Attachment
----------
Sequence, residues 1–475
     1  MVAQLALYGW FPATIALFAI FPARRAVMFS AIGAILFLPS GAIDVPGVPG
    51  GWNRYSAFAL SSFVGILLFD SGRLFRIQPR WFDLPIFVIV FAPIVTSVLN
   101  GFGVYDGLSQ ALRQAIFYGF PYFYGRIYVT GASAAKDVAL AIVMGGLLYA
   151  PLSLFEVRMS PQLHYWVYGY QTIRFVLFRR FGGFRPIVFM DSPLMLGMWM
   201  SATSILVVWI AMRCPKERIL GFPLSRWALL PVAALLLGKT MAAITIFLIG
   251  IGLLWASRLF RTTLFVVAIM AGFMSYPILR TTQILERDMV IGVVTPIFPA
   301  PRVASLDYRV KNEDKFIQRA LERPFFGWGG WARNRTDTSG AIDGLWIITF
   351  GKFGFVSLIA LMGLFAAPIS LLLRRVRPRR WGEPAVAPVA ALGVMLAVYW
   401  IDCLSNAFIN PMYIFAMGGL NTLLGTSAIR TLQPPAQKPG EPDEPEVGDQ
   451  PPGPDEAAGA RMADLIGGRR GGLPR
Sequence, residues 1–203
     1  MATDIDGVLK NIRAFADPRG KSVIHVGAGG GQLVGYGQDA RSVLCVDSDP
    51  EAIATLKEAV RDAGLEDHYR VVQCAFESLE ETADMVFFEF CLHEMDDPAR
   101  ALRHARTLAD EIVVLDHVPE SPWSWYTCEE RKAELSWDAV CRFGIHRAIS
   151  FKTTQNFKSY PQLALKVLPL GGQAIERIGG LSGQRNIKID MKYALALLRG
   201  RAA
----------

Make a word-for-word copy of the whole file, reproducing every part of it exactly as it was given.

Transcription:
Sequence, residues 1–475
     1  MVAQLALYGW FPATIALFAI FPARRAVMFS AIGAILFLPS GAIDVPGVPG
    51  GWNRYSAFAL SSFVGILLFD SGRLFRIQPR WFDLPIFVIV FAPIVTSVLN
   101  GFGVYDGLSQ ALRQAIFYGF PYFYGRIYVT GASAAKDVAL AIVMGGLLYA
   151  PLSLFEVRMS PQLHYWVYGY QTIRFVLFRR FGGFRPIVFM DSPLMLGMWM
   201  SATSILVVWI AMRCPKERIL GFPLSRWALL PVAALLLGKT MAAITIFLIG
   251  IGLLWASRLF RTTLFVVAIM AGFMSYPILR TTQILERDMV IGVVTPIFPA
   301  PRVASLDYRV KNEDKFIQRA LERPFFGWGG WARNRTDTSG AIDGLWIITF
   351  GKFGFVSLIA LMGLFAAPIS LLLRRVRPRR WGEPAVAPVA ALGVMLAVYW
   401  IDCLSNAFIN PMYIFAMGGL NTLLGTSAIR TLQPPAQKPG EPDEPEVGDQ
   451  PPGPDEAAGA RMADLIGGRR GGLPR
Sequence, residues 1–203
     1  MATDIDGVLK NIRAFADPRG KSVIHVGAGG GQLVGYGQDA RSVLCVDSDP
    51  EAIATLKEAV RDAGLEDHYR VVQCAFESLE ETADMVFFEF CLHEMDDPAR
   101  ALRHARTLAD EIVVLDHVPE SPWSWYTCEE RKAELSWDAV CRFGIHRAIS
   151  FKTTQNFKSY PQLALKVLPL GGQAIERIGG LSGQRNIKID MKYALALLRG
   201  RAA